The Story of Rube Waddell: Chatham’s Other Baseball Hall of Famer

When people discuss Chatham, Ontario and the Baseball Hall of Fame, Fergie Jenkins is the name that usually comes up.

Born and raised in Chatham, Jenkins was the first Canadian inducted into the Baseball Hall of Fame.

But that doesn’t mean he’s the only athlete in the Baseball Hall of Fame to play for Chatham.

Sam Crawford played for Chatham in 1899.

A year prior however in 1898, Rube Waddell became the first player to wear a Chatham uniform, who would later join Baseball’s Hall of Fame.

Waddell was the major league leader in strikeouts for six straight seasons and was a two time ERA leader before being inducted into the Baseball Hall of Fame in 1946. He played in the Major League’s with the Louisville Colonels, Pittsburgh Pirates, Chicago Orphans, Philadelphia Athletics, and St. Louis Browns. 

Rube Waddell however, was also considered one of baseball’s most interesting and eccentric personalities.

Waddell’s career was fraught with suspensions, on- and off-field antics, and fines, including the one that brought him to Chatham.

After refusing to pay a fine imposed upon him by the Detroit Tigers for playing with a scrub baseball team without permission, Waddell crossed the border to join Chatham’s independent team.

Rube Waddell of the Philadelphia Athletics.

Because Chatham’s team, which supposedly paid Waddell $60 a month, was not an official minor league team, Waddell was free to join the team, and make a living moonlighting for other teams in Southwestern Ontario at the same time.

Waddell made several notable appearances while representing Chatham, including against the Page Fence Giants on June 2, 1898. The game was played in front of a reported 1200 fans in Chatham, and featured the Page Fence Giants, widely considered the best all-Black team in the world at the time, against Chatham’s independent team.

With Waddell on the mound, Chatham’s catcher suffered an injury, forcing him to leave the game. The significance of this moment however, was that it forced the Giants’ catcher to step behind the plate for Chatham, momentarily integrating Black and white baseball players in competition in 1898. The Giants would end up crushing Waddell and Chatham 9-1, with Waddell collecting two of the only three hits Chatham managed in the game.

Waddell also threw a perfect game against Dunnville, striking out 17, and shutout the same Dunville team the very next night striking out 20 while in a Chatham uniform.

When Waddell arrived in Chatham, he didn’t leave his on-field hijinks behind. His quirks and eccentricity, along with a willingness to engage with fans in a playful manner made the confident pitcher a favourite wherever he went.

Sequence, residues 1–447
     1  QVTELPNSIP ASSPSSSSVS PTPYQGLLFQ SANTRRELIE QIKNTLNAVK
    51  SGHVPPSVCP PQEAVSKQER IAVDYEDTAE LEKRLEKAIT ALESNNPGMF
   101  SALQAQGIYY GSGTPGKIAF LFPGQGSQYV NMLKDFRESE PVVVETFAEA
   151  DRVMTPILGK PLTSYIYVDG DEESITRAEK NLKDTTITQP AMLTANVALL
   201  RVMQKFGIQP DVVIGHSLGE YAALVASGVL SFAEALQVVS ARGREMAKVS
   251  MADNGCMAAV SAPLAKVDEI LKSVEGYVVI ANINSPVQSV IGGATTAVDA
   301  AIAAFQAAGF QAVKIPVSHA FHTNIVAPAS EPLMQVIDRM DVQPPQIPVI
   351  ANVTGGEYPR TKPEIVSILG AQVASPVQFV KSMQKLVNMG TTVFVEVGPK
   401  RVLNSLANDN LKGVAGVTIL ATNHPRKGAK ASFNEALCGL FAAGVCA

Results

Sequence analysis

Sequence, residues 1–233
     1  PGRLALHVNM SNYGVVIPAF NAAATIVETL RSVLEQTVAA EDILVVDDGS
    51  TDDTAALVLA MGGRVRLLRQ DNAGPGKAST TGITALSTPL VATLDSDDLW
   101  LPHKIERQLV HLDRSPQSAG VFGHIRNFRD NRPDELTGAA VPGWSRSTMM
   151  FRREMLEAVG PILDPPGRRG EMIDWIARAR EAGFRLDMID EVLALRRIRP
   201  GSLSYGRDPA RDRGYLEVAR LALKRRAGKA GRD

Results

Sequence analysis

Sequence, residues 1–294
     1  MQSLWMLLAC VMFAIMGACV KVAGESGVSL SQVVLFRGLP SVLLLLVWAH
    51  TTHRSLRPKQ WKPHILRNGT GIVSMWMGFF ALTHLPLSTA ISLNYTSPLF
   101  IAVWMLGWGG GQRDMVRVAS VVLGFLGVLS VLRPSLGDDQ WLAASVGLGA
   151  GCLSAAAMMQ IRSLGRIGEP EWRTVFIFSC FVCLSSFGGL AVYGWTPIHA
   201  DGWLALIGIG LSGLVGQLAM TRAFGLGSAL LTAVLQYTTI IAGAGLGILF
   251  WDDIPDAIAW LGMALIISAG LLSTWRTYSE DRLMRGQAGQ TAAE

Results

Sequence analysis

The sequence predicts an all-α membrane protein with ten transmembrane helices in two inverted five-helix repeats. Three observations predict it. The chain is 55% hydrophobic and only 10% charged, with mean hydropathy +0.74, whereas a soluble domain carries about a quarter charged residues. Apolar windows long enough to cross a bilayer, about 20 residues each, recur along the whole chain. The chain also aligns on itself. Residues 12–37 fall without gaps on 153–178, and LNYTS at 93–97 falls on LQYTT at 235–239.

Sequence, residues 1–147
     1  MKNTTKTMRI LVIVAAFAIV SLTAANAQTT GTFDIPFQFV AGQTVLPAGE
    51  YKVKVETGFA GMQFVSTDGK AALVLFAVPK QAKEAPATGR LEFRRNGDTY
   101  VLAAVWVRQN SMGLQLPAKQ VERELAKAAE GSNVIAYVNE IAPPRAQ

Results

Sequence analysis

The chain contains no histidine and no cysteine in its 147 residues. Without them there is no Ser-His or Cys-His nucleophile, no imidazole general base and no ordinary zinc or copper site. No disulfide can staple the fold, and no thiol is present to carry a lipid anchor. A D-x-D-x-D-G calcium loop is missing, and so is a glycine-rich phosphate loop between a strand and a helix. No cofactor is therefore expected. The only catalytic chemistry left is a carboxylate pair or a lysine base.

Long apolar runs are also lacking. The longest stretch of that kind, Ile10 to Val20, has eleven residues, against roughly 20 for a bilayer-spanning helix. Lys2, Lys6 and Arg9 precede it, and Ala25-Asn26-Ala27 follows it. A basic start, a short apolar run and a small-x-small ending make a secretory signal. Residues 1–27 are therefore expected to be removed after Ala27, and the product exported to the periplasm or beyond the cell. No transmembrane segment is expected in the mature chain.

In one famous incident while in Chatham, Waddell, up 3-1 in the seventh inning against another local squad from Ridgetown, sent his fielders to the dugout, challenging the next batter alone on the field.

Waddell then proceeded to intentionally walk the next two batters to put the winning run at the plate. His confidence in his ability to strike out batters at will nearly backfired on this occasion, as the following Ridgetown batter made contact, sending a high fly ball into centre field.

The runners Waddell had walked rounded the bases, but the Ridgetown player was in such shock he’d hit Waddell’s pitch, that he forgot to run, causing the umpire to call him out, and order the runners who had crossed home plate back to their bases.

Refusing to relent in his game, Waddell proceeded to strike out the next two batters with an empty field behind him to end the inning.

Unfortunately for local fans, the Hall of Famers career in Chatham would soon come to an end after his Chatham team decided to end their run as independents, and join the Canadian League, a minor professional league that would cause Waddell to be in breach of his contract with the Detroit Tigers if he continued playing with the squad.

At that, Waddell reluctantly returned to the United States, and took up playing for another independent team, and following that Pittsburgh of the Western League until 1897 when he embarked on a historic 13-year Major League Baseball career.

Sadly, only four years after the end of his Major League career, Waddell passed away at the age of 37 due to complications from tuberculosis.

Waddell’s unique personality, and his penchant for strikeout pitching will live forever in the record books, and history books, including those written in Chatham, Ontario.

By Ian Kennedy

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